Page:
Credit…Christopher Testani for The New York Times. Food Stylist: Simon Andrews.
Good morning. September played out strangely where I hang out: unreasonably Augustlike at first, and then hard into autumnal damp and gloom. I know we’re nowhere near last licks on grilling season, but there’s something a little valedictory about lighting the fires these days. I feel as if I’m cooking on borrowed time.
So it’s pollo asado (above) for sure today, Ham El-Waylly’s recipe, marinated all afternoon and placed near glowing coals an hour before sunset, to serve with warm tortillas, rice and beans, hot sauce and wedges of lime. I love Ham’s technique here, which calls for cooking the chicken over indirect heat, essentially smoke-roasting it skin-side up, so the fat renders into the meat and the skin crisps without burning.
View Recipe →
(Can’t find annatto seeds in your pantry or the market? Lay in some achiote paste or seasoning; Goya makes a version with cumin, coriander and MSG that’s pretty good.)
Then flan for dessert? That would be outstanding.
With Sunday taken care of, we can take a look at the rest of the week …
Hetty Lui McKinnon’s recipe for salt and pepper tofu calls for seasoning with white pepper, sugar, ground ginger and five-spice powder along with the salt. I generally add a whisper of ground Sichuan peppercorn for its lovely numbing qualities against the bite of white pepper, but it’s hardly necessary. Serve with rice and, if you’re me, fried sweet plantains.
Miso-mustard salmon roasted over cabbage is a classic Ali Slagle jam, with a salty, spicy sauce that plays beautifully with the sweetness of the fish and cabbage. There’s amazing textural contrast as well, as you alternate between the softness of the salmon and the crunch of the vegetable. A one-pan delight!
I don’t like to eat muffuletta sandwiches outside New Orleans, but I’ve got no problem knocking down Kay Chun’s recipe for a muffuletta chopped salad a few times a year, particularly on a weeknight when I have both provolone and soppressata in the fridge. Kay adds chickpeas and avocado at the end; I sometimes swap those out for diced ham and Swiss cheese.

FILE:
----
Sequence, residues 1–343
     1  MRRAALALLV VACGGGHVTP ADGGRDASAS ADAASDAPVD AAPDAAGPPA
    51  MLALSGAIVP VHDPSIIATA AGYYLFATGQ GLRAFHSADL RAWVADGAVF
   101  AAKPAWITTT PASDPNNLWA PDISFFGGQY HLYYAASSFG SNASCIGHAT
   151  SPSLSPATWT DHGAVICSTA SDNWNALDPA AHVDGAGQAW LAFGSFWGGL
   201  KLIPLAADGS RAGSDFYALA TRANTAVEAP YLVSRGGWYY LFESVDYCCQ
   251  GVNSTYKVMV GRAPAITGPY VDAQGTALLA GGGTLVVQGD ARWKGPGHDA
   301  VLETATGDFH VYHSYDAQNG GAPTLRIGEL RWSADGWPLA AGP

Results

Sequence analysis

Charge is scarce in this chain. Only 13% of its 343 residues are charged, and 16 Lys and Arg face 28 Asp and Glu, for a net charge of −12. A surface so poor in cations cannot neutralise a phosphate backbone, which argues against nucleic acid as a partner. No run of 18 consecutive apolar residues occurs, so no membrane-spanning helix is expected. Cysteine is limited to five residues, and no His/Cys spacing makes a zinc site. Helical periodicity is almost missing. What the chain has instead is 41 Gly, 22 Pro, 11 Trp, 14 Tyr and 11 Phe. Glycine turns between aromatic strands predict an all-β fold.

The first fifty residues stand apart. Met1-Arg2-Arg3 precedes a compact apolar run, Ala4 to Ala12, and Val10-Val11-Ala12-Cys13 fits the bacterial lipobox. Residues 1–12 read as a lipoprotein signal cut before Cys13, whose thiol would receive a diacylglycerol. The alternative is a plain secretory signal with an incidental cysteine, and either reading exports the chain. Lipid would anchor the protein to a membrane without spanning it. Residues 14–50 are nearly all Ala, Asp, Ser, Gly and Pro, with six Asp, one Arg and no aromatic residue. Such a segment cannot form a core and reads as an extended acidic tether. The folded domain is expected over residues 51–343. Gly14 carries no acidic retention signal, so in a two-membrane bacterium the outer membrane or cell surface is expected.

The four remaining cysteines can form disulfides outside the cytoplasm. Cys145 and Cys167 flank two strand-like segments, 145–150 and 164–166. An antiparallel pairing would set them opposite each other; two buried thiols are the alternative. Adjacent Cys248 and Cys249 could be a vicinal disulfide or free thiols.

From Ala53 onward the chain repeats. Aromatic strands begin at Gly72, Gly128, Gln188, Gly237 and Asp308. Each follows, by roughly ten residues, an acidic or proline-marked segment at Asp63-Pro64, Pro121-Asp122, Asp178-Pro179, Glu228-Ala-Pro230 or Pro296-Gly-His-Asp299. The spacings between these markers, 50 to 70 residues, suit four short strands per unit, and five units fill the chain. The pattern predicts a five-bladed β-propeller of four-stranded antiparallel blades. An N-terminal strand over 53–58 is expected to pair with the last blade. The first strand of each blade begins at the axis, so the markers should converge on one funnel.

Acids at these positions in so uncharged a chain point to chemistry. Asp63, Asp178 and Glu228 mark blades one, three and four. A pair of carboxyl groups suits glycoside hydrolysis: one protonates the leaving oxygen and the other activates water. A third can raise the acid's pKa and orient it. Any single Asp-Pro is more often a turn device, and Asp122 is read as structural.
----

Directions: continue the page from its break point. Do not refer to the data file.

Nik Sharma’s recipe for chicken breasts with miso-garlic sauce makes for a perfect topping for a salad of crunchy greens and sliced carrots. Use some of the pan sauce and rice vinegar to build out a dressing and you’re good to go.
And then you can head into the weekend with Marcella Hazan’s Bolognese sauce recipe, which I have found provides the perfect excuse to work from home. Get that going during your lunch hour and smell it burbling away all afternoon. Serve over pasta for dinner, and experience the sublime.
Thousands and thousands more recipes are waiting for you on New York Times Cooking, though you need to be a subscriber to read them. If you haven’t already, I hope you will join the crew. We are standing by like matrons at the school dance should you run into trouble with our technology. Just write [email protected] and someone will get back to you. I’m around myself should you want to get something off your chest about what we’re doing here and why. Write [email protected]. I can’t respond to every letter. But I do read every one I get.
Now, it’s a far cry from anything to do with quinces or crab, but you should read Joe Kloc’s story in Harpers, “The Golden Fleece.” It’s notionally about used paperbacks, but really it’s an adventure yarn.
Today is Jimmy Carter’s 99th birthday, and to celebrate I set The Times’s wayback machine to Oct. 1, 1924: “Abolition of Rubber Hose as Whip for Pupils Threatens Disruption of Elmsford Schools” reads a front-page article from that day.
I really enjoyed this Justin Richmond interview with the guitarist Johnny Marr on the “Broken Record” podcast. (Here’s an accompanying Spotify playlist.)
Finally, we’ll be skiing soon enough. Here’s the trailer for “The Land of Giants” to build up the stoke. Enjoy that, cook a lot and I’ll be back next week.